Department SpotlightWhitworth Researchers Collaborating in Ground Support for NASA Satellite
A satellite soon to be launched by NASA to study natural and human-induced changes to the Earth's atmosphere will be supported through a ground station run by researchers at Whitworth University and Colorado State University.
The Thermosphere, Ionosphere, Mesosphere Energetics and Dynamics (TIMED) satellite will gather data that could provide an early warning of global change. The small, remote sensing and imaging spacecraft will take measurements in a region roughly 30 to 125 miles above the Earth's surface - a transitional region where many important processes are known to take place but have not been consistently measured.
Whitworth Physics Professor Lois Kieffaber and her students are collaborating with Colorado State University physics professors Biff Williams and Chiao-Yao She to operate a ground-based observatory in Platteville, Colo. The observatory is part of a chain of research stations along the Rocky Mountains that will support and augment the TIMED mission.
"We will be taking measurements that will help to calibrate the satellite systems and that also can be combined with measurements from other ground stations to produce a map of airglow activity in the night sky," Kieffaber says. "These efforts will provide a benchmark for future studies of natural and human-induced changes in this very important region of the Earth's atmosphere."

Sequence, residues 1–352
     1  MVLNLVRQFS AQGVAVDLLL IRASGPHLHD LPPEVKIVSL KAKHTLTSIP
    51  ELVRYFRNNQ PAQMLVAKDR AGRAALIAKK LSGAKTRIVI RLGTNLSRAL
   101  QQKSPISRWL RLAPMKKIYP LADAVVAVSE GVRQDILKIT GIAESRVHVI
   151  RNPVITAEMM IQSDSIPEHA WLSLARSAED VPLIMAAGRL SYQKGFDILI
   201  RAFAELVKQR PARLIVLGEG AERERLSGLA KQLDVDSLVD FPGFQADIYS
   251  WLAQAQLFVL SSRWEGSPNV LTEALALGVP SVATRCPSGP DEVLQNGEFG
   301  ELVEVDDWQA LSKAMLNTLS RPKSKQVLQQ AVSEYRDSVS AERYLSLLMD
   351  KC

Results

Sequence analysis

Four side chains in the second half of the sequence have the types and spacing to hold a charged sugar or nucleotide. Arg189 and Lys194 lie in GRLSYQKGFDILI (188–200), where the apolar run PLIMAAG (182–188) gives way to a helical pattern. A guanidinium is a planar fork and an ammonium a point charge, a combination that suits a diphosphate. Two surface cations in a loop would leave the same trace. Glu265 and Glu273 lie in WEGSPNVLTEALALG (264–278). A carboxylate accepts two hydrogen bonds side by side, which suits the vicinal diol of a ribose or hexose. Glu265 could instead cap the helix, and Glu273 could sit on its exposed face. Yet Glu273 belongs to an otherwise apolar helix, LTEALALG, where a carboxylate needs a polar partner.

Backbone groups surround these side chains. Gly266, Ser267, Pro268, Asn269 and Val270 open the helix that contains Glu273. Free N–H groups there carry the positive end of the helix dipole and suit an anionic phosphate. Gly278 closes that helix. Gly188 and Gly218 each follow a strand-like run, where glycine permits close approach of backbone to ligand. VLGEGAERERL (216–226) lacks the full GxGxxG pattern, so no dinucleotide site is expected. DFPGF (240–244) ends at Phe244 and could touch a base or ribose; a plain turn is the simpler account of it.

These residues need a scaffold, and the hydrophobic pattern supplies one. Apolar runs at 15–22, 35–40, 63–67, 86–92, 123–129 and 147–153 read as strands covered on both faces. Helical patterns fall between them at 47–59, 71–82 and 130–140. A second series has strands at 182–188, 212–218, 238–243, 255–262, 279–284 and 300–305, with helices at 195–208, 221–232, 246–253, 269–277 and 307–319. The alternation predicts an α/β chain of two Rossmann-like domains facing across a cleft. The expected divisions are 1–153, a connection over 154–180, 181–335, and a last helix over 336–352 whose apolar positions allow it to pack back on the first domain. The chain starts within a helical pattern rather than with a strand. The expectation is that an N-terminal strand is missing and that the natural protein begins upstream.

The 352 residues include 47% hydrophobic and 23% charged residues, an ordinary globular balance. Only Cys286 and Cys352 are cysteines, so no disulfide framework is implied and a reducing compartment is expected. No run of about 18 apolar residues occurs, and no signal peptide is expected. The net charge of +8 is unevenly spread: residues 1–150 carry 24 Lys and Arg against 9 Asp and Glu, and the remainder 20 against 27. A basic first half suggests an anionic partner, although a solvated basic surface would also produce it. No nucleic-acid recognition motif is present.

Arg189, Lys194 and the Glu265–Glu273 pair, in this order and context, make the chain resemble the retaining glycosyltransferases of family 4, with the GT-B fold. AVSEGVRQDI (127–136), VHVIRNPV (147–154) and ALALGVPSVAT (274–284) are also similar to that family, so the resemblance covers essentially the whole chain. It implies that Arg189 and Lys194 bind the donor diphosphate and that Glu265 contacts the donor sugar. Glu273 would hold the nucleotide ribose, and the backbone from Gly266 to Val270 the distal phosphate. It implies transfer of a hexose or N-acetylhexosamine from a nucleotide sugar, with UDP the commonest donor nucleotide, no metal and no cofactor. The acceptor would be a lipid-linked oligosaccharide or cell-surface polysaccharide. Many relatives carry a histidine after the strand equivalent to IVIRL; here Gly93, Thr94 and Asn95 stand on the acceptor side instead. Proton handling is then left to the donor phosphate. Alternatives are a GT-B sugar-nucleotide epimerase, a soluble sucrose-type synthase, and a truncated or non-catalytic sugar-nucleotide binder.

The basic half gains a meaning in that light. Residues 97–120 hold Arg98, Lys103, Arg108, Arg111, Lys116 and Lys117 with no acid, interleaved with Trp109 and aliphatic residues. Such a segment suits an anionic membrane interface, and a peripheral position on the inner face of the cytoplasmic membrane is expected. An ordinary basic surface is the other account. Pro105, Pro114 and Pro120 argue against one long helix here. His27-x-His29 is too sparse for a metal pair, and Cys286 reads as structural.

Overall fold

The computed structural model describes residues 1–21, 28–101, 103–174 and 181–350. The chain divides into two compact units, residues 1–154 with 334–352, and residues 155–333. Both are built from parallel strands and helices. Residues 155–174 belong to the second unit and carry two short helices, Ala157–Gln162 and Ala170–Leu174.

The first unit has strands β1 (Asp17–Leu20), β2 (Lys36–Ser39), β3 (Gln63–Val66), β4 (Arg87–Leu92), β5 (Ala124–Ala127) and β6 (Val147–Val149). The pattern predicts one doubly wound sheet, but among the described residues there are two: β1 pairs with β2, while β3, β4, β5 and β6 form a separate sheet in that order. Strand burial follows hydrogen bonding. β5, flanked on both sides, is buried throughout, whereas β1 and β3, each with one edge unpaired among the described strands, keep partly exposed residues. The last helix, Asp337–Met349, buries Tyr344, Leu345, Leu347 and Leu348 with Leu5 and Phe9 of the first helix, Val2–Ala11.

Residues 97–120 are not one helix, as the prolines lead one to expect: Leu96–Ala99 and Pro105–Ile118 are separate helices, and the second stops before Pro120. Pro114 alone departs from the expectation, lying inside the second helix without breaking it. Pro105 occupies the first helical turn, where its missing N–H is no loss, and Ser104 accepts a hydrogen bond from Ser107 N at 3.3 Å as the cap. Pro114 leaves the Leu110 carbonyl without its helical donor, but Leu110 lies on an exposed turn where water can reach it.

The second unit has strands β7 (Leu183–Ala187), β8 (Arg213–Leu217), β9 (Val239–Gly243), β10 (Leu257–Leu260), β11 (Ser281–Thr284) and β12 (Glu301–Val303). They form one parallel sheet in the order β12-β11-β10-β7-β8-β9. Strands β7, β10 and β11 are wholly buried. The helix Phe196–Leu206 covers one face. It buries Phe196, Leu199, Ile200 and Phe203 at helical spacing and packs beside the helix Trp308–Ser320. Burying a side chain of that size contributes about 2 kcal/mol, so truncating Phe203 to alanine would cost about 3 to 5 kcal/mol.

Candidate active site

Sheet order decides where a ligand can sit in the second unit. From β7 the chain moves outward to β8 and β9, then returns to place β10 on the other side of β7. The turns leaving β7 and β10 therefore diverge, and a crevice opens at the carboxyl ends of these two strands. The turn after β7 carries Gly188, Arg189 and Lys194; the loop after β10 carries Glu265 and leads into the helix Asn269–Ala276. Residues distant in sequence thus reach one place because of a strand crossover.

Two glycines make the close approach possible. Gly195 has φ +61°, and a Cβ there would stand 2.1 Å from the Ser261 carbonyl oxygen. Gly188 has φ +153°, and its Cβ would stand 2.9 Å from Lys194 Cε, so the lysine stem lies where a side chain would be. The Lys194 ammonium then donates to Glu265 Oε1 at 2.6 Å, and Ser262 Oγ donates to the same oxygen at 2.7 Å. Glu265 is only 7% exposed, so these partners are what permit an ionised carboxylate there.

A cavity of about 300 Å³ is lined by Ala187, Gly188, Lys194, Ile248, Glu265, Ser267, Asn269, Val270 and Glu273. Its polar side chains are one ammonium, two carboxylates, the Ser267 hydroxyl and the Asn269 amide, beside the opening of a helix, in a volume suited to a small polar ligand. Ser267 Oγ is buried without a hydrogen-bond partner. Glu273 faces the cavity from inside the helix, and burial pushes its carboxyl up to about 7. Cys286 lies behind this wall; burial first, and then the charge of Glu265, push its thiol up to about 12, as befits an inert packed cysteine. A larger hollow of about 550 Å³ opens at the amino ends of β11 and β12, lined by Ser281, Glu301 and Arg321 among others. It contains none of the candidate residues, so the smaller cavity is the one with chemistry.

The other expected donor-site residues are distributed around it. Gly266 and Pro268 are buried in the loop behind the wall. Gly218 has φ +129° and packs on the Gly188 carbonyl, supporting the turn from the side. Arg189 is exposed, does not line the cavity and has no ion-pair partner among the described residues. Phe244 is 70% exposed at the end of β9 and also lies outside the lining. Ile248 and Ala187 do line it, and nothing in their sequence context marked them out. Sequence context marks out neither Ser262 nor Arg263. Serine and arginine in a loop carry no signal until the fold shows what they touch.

The Platteville project is an outgrowth of Kieffaber's 15-year airglow research program, which has allowed undergraduate students to make airglow observations in Arecibo Observatory in Puerto Rico, the National Solar Observatory in New Mexico and the Whitworth University Airglow Observatory 10 miles north of the Spokane campus.
Kieffaber has been principal investigator for five National Science Foundation research grants totaling $250,000 since joining the Whitworth physics department faculty in 1984. She has published two books and 28 papers and abstracts. She is also a member of the development team for a new hands-on team-taught interdisciplinary science sequence to strengthen the science preparation of elementary teachers. In 1986, she received the college's Burlington Northern Faculty Achievement Award for "unusually significant and meritorious achievement in teaching."
Kieffaber received a bachelor's degree in physics and Russian from Manchester College in 1962 and a master's in nuclear physics from Columbia University in 1963. She completed a doctorate in physics at the University of New Mexico in 1973.